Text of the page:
So, that really is it when it comes to the Hoenn region. What do you think of the originals? Do they maintain their classic appeal or do their remakes reign supreme? Make sure to leave a comment below to let us know what you think.

9 comments on “Editorial: A Healthy Hoenn”

  1. I hope my Pokemon, sporting now-classic 1990’s heroin chic, will win all of Pokemon Contests!

    In reality, however, I’ve only just begun playing my first Pokemon game; having picked up Pokemon X for my 3DS. I would definitely describe it with words like ‘cute’ and ‘colorful’, but I haven’t been smitten by the PokeUniverse just yet. Then again, I have less than an hour invested.

  2. @Sebastian: One of the things about Pokemon is that it is superficially quite simplistic. The actual depth is all stuff that is hardly mention in the game, and which requires a bit of looking around on the internet to learn: breeding, IVs, EVs, traits, and so on.

    There’s a moment at the beginning of Disgaea where one of the NPCs mentions Item World (I think) and says that it is complicated, but also that the player shouldn’t worry because the game is easy enough to beat even if the player never learns anything. That goes for Pokemon as well: you can beat the game and get through the ‘story’ without ever bothering to learn about breeding the best possible Pokemon customised to destroy worlds. But the real fun comes in putting together an amazing team and collecting all the Pokemon you want.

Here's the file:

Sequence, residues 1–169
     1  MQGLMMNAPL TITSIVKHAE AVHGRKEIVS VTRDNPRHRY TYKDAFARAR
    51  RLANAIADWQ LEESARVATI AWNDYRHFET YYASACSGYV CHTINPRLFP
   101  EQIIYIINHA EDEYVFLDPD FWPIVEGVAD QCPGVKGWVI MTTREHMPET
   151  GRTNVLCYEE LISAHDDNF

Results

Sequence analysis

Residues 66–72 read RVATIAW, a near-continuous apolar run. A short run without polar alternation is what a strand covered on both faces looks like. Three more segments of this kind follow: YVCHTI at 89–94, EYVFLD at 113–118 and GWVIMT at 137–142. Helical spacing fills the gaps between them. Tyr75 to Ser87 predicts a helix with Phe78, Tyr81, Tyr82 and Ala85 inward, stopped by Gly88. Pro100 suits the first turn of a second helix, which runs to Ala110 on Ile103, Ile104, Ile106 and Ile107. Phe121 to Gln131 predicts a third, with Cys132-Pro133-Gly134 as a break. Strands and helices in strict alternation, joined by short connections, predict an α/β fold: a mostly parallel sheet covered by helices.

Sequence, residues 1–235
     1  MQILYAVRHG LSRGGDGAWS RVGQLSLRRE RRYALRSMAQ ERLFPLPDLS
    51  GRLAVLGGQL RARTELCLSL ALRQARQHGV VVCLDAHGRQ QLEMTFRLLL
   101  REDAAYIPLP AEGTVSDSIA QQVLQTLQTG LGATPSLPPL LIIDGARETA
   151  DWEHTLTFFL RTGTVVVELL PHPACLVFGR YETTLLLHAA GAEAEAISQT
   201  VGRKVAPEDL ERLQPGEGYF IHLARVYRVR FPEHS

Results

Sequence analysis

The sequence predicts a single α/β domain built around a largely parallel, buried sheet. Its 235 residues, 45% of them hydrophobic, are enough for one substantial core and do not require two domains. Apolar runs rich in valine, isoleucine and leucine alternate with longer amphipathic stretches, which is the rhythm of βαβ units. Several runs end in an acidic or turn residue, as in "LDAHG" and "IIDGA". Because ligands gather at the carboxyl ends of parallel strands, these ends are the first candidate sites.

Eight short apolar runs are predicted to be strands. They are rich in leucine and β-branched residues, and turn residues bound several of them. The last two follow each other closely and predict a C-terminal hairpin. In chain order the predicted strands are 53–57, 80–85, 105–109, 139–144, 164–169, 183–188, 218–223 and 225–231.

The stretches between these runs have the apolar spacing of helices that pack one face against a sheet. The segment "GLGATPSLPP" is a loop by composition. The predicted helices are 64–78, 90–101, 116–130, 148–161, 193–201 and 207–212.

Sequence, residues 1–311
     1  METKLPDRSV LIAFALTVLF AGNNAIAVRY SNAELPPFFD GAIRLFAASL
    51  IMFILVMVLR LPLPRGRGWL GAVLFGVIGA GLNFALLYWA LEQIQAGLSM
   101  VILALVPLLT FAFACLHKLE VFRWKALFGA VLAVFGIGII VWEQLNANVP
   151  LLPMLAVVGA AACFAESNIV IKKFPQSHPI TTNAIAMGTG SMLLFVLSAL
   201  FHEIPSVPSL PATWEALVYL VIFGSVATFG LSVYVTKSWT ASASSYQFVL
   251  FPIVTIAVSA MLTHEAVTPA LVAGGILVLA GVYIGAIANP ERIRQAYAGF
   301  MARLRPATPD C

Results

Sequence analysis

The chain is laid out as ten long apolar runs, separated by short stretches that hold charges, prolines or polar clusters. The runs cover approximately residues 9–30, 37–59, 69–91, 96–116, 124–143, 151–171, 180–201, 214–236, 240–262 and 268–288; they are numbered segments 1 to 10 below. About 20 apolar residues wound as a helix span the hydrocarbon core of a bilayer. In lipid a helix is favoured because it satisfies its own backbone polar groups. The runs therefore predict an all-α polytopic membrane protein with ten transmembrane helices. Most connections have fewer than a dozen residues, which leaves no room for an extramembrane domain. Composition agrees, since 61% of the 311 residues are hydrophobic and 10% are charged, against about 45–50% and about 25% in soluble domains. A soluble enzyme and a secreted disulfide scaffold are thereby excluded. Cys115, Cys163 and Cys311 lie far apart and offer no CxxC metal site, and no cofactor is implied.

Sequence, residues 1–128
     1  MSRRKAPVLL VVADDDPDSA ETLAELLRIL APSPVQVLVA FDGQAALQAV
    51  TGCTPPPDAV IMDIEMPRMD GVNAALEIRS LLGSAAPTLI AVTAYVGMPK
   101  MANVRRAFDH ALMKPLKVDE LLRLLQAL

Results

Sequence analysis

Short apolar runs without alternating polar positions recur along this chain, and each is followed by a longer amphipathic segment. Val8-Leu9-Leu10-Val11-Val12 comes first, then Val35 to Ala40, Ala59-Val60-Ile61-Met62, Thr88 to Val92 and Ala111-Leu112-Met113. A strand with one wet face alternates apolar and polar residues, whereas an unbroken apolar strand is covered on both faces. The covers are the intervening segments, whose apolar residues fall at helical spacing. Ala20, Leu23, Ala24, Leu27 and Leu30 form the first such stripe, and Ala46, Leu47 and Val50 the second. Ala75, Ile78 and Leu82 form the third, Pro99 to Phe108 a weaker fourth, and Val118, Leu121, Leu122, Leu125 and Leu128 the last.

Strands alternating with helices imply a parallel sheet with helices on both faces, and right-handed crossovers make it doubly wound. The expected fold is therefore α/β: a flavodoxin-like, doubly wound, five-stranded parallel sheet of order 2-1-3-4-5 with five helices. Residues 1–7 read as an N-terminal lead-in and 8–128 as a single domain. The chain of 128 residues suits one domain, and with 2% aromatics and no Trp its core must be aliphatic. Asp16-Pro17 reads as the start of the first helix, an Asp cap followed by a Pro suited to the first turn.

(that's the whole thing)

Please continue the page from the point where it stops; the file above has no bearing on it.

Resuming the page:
For others, the fun comes from actually trying to ‘catch them all’–something that Imitanis was trying to do for a while.

    And then for others there are competitions and battles, tournaments and all the ‘PvP’ stuff you’d expect.

    Really, Pokemon is a sort of venue for a bunch of different kinds of interests. If one doesn’t tick the right boxes for you, another might, but the chances are that you will not encounter any of these in the basic ‘play-through’ of the game. Instead, you’ll need to start snooping around and trying to find out things about the world of Pokemon. Then, you will be amazed at just how deep the rabbit-hole goes.

  3. @Lusipurr I think I’d be more interested in breeding a powerful Pokemon, and winning tournaments, than collecting. But the depth you describe is intriguing; and my tastes might change as I progress into the world.

    My problem at present is that I am a little ways into a number of games. It’s like snacking. I’m not getting real gaming nourishment; I’m simply indulging myself at a whim. I keep waiting for a game to engross me, but maybe I’m just being entitled.

  4. I’ve been reading you Pokémon articles! I just didn’t continue the series after Blue, so I don’t have much to relate with them. Instead I got into a German series like it called Glümbugs. Still looking forward to the next article though!

  5. It’s Glümbugs, with an uumlaut. Die Glüm Aktiengesellschaft came out with a whole line of related toys besides Glümbugs dolls, like Glümblocks, Glümglop, Glümrüm playsets, and you could even get Glümfüd over there (I didn’t care to import this stuff though).

  6. @Dancing Matt Are you taking a piss? “Glümbugs” doesn’t appear to exist on even the German Googles.